Pamela Gay: No, no, because it’s in the southern hemisphere, so there’s parts that it can’t see. And I don’t know the predicted where – it has the ecliptic – it can see the ecliptic but I don’t remember if Planet 9 sticks to the ecliptic. I don’t think it does.
Fraser Cain: What about planetary geology? And I guess we can say hydrology because there’s so much water out there.
Pamela Gay: Yeah, we’re gonna start having sample returns which is gonna start allowing us to hopefully be able to understand the solar nebula that form to the planets a little bit better. I think that’s gonna be a whole lot of slow incremental change. The big thing we need to figure out is how the heck do we keep getting geologic activity on tiny things?
Ceres had a volcano. Who would’ve thunk that? And Pluto, we – nothing. What the heck. So being able to figure out where tectonics comes from when you don’t have the kind of active squishing that you get around Jupiter and you’re just free floating things like Ceres and Pluto.
Fraser Cain: In the realm of asteroids I think the search for asteroids is really gonna continue and astronomers will have nailed down the next class of asteroids, right, the smaller ones. The ones that are potentially threatening to earth down to the city-killer size or it’ll be down to the 100-meter size. Like right now we’re at the one kilometer and above but within the next decade or so we should be down to the 100 meter and above.
Pamela Gay: Yeah, that’s LSST’s job.
Fraser Cain: And other missions that are potentially being put up as well. So –
Pamela Gay: Yeah, Gaia will also make major [inaudible] [00:24:13] to that.
Fraser Cain: Yeah, space – what’s it called, Space Defense, space – anyway it was the one that –
Pamela Gay: I think that’s the organization.
Fraser Cain: — the B612 Foundation’s mission, I forget the – Sentinel. So they’re planning on putting up Sentinel which is another mission, so there’s gonna be a bunch of these. So let’s talk about some stuff in sort of astrophysics and cosmology. So black holes.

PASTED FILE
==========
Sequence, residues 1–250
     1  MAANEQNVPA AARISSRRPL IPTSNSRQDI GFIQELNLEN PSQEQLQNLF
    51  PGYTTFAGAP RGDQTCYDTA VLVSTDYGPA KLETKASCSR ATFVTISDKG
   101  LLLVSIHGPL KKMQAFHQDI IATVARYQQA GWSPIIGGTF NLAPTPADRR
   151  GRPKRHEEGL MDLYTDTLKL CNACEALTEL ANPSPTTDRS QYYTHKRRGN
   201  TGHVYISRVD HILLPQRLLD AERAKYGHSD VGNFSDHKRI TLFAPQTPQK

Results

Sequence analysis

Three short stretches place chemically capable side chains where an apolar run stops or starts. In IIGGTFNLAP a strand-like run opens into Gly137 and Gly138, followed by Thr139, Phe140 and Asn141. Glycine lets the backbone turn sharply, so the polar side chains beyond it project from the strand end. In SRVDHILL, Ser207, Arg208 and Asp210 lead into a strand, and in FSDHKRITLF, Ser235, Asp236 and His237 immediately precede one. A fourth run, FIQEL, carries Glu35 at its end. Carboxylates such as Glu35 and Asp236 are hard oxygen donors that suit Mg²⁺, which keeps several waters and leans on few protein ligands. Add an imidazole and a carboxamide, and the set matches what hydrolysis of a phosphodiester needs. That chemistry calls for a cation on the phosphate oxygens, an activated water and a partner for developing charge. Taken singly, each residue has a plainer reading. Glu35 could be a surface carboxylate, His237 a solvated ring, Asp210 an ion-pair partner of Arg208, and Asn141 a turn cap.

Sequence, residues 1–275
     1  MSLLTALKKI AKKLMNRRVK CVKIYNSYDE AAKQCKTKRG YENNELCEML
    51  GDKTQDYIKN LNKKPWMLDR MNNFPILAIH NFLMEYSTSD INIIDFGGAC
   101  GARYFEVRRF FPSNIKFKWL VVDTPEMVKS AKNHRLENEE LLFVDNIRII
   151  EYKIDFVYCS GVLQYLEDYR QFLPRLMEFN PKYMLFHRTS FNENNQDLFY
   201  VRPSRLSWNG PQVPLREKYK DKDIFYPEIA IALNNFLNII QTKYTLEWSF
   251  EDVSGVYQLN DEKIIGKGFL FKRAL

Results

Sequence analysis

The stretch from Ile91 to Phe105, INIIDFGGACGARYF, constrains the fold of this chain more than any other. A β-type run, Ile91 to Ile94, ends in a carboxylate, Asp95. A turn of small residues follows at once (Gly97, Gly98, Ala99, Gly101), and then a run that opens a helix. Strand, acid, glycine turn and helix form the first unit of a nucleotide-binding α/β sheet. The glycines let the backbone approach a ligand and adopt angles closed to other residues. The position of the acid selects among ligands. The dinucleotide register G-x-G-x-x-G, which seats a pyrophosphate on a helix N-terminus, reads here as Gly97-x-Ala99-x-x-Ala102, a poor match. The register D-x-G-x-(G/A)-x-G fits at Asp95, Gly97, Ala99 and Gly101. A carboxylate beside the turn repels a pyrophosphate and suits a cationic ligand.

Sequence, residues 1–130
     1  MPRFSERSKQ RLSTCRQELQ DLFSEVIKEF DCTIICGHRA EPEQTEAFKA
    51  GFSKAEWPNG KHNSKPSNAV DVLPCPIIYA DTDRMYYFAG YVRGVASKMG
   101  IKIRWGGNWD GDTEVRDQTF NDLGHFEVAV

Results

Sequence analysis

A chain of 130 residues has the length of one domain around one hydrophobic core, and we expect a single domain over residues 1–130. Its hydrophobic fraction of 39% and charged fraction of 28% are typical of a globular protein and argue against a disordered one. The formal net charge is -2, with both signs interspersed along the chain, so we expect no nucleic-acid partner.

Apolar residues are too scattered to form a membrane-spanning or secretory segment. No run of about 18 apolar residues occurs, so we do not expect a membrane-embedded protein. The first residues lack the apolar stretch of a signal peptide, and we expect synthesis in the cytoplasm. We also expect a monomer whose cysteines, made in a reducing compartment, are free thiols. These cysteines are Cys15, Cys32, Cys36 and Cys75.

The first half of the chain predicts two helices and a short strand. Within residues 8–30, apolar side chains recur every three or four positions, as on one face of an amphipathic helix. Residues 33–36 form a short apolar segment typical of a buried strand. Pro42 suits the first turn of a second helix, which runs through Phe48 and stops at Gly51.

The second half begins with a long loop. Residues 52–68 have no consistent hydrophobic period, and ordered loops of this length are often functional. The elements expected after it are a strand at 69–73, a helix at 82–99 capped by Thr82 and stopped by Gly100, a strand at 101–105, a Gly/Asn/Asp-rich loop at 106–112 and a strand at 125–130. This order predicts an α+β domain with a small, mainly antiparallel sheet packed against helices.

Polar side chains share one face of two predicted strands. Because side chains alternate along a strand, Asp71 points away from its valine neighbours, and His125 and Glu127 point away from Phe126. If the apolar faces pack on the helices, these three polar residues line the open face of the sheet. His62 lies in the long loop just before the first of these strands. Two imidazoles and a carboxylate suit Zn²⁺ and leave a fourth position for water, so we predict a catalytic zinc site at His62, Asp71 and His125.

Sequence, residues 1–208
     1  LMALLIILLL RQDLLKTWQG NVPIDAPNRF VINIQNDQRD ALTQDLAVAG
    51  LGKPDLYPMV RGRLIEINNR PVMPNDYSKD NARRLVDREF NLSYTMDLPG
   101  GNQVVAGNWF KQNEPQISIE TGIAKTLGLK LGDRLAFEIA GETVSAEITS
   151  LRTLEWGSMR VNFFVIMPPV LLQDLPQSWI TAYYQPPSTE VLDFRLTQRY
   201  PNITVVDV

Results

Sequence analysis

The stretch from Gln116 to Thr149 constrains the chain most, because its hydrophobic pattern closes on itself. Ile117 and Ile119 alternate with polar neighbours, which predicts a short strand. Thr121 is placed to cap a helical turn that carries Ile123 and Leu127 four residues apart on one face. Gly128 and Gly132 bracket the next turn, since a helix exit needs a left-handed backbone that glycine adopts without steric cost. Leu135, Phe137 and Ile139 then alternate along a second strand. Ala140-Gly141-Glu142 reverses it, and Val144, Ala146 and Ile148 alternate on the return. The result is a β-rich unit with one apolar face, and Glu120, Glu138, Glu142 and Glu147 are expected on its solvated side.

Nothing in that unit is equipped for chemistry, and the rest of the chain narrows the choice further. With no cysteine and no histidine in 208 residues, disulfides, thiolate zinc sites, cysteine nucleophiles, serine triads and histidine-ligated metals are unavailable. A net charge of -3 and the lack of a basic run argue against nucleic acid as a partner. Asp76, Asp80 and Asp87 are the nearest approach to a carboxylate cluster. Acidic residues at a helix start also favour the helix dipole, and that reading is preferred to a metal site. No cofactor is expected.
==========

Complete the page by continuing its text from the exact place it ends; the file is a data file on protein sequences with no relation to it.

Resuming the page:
Pamela Gay: They’re there. They exist.
Fraser Cain: Yeah, okay. I mean, we’re going to have the event Horizon Telescope built which is gonna allow us to see the environment around a super massive black hole which is pretty spiffy.
Pamela Gay: And the kinds of physics that we’re so close to being able to understand are things like it looks like galaxies are probably spinning at their maximum allowed level but we don’t have data on very many of them. So I’m hoping in the coming years as we’re able to see with higher and higher resolution the accretion [inaudible] [00:25:15] right down at the event horizon that will be able to do more to understand, well, just how are these suckers rotating? Because that does reveal itself outside of the event horizon.
I’m also hoping that we’re gonna start to be able to figure out why the heck don’t we see more binary black holes and galaxies that clearly merged in the past. And maybe if we’re lucky catch some that are just on the brink of merging or have just merged and not too close because some things you don’t want too close.
Fraser Cain: No. Let’s hope for an observation of an intermediate mass black hole, which is still a bit of an elusive creature and yet they should be out there.
Pamela Gay: I don’t think it has to exist. I don’t think we have to have intermediate black holes.
Fraser Cain: That would be weird.
Pamela Gay: I’m okay with not finding them. I am totally okay.
Fraser Cain: Okay. Well, I mean, that’s the question, right, do you think – so you don’t think we’re gonna find them. Like if we would’ve found one –
Pamela Gay: I think the formation mechanism for super massive black holes is going to be found to be consistently different. We already know that the most massive galaxies from theoretical models formed all at once possibly mostly in the early universe. And the smaller galaxies built up through combinations.
The open question is, did the black holes and the smaller galaxies form in a similar mechanism too and the massive galaxies, were they formed at the same time as the galaxy. That means that you can have super massive black holes that never went through the stellar mass black hole size scenario. And this whole myth that we’ve had of lots of black holes merging and merging and merging, I don’t think we need that story.
Fraser Cain: Right. So we’re at this thought that maybe super massive black holes just form directly.
Pamela Gay: Yeah, yeah, that’s what I’m looking to see.
Fraser Cain: Yeah, yeah, like just a big blob of stuff turned into a super massive black hole and it never was a star.
Pamela Gay: All the computer models, we need to do all of them.
Fraser Cain: Yeah, yeah. Gravitational waves, when will we find a direct detection of gravitational waves?
Pamela Gay: So everyone is making a whole bunch of noise about Lawrence Krauss’s tweet after he got a text message and how LIGO has everyone set aside for what is it, in February or March. If that –
Fraser Cain: Chatter.